A couple of weeks ago, the government introduced new legal rules which meant that anyone who had come into close contact with someone who had, or was suspected of having, the Omicron variant, had to self-isolate for 10 days even if they had been double vaccinated.
Those rules have now been revoked and we go back to the previous rules which exempted those people who have been fully vaccinated from having to self-isolate provided they had no COVID-19 symptoms. You can read our analysis of the previous rules here.
However, the government has updated its guidance. It recommends that double-vaccinated people in England who are contacted by NHS test and trace should take a lateral flow test every day for the required period (which is either seven or 10 days and depends when contact took place) and only need to self-isolate if they test positive.
These exclusions also apply to people who are medically exempt from being vaccinated, or who have taken part in an approved COVID-19 vaccine trial. Anyone aged under 18 years and six months also doesn't have to self-isolate.
However, unvaccinated adults aren’t eligible for this new daily testing policy, and must self-isolate for 10 days if they are a contact of someone who tests positive for COVID-19, regardless of the variant.
Implications for employers
Legally, you aren't under a positive duty to check your staff are exempt from the rules to self-isolate if they are a close contact of someone who has tested positive as the duty to self-isolate rests with the individual. But you do commit an offence if you knowingly allow someone who ought to be self-isolating to attend work. Individual company directors and managers also commit an offence if the employer’s breach is found to have been committed with their consent or connivance or through their negligence.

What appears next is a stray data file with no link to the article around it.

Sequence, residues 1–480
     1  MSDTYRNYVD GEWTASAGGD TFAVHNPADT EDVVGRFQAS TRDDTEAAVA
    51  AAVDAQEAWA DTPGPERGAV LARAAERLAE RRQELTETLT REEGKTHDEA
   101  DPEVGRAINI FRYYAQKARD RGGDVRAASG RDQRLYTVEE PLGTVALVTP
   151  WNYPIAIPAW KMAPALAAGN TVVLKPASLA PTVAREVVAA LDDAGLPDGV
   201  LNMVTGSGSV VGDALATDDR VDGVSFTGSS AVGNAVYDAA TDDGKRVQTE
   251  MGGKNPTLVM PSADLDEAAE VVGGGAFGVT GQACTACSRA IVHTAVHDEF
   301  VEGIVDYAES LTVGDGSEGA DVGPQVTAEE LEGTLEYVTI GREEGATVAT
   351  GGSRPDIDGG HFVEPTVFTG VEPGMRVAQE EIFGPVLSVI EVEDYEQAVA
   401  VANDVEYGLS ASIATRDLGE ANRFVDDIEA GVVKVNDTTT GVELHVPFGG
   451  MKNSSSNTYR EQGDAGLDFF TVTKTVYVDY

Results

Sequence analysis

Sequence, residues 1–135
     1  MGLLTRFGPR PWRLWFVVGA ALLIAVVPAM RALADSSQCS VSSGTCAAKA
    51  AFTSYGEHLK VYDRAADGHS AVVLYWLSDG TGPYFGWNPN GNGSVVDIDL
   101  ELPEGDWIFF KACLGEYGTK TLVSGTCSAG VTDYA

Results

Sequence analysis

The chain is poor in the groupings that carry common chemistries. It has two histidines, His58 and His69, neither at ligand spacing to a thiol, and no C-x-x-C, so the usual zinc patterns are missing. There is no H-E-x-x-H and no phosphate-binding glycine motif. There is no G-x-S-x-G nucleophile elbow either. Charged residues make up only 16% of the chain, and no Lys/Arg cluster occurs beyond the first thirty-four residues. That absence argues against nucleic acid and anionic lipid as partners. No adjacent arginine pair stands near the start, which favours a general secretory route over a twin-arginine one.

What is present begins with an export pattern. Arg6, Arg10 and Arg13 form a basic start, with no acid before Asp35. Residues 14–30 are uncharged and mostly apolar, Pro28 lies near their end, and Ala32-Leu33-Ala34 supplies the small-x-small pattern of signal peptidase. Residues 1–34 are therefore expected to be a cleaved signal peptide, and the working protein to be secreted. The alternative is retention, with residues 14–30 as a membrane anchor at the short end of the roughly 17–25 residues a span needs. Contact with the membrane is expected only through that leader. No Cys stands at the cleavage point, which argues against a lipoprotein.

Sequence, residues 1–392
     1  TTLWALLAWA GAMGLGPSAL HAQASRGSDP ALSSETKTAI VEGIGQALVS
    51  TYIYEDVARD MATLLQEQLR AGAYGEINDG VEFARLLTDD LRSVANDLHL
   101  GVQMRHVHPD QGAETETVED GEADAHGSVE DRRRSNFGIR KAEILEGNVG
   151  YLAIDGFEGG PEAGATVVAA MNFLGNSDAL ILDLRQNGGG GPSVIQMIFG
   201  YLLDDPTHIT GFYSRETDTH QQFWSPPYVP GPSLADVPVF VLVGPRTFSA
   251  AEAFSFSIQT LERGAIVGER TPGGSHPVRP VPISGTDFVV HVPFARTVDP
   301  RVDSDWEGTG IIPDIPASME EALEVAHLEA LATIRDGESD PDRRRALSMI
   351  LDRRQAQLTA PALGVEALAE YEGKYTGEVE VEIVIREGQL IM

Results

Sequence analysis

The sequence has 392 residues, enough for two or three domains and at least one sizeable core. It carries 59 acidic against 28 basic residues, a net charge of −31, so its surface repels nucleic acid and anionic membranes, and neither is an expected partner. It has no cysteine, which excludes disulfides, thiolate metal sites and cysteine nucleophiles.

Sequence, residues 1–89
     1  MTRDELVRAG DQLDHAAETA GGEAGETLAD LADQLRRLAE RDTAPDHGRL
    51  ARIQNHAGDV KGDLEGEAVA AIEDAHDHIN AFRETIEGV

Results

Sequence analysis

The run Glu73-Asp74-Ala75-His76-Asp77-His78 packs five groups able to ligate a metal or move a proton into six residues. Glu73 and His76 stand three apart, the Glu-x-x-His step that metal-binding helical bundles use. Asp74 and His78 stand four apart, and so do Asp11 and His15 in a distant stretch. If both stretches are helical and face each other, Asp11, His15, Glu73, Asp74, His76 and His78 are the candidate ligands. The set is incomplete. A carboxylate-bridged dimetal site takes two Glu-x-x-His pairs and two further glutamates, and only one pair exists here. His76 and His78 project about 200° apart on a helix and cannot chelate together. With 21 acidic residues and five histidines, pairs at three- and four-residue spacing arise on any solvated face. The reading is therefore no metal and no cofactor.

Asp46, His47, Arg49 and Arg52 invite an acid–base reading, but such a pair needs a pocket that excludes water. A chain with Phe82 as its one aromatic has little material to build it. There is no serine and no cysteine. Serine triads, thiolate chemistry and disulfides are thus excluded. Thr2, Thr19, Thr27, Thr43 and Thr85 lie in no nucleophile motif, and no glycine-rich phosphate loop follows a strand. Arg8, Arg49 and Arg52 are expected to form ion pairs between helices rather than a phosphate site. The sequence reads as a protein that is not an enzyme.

We, therefore, recommend that you clearly communicate how you expect your staff to behave once they have been identified as a close contact of someone with the virus.
Explain the new rules to your staff and your expectation that if they come into work after receiving a notice to self-isolate, they are confirming that they are legally exempt from the duty to self-isolate and have taken a lateral flow test each day they are in work for the required period and each test is negative. Make it clear to them that if they do come into work when they should be self-isolating, you will treat it as a serious disciplinary offence, which may result in their dismissal.
Currently there's a huge shortage of lateral flow tests and unless your staff have already have a supply to hand, they may not be able to test themselves and will have to remain at home. However, they can't return to work within the self-isolation period even if they have a negative PCR test.
Anyone who is self-isolating who isn't able to work from home may be entitled to SSP if they meet the qualifying rules.
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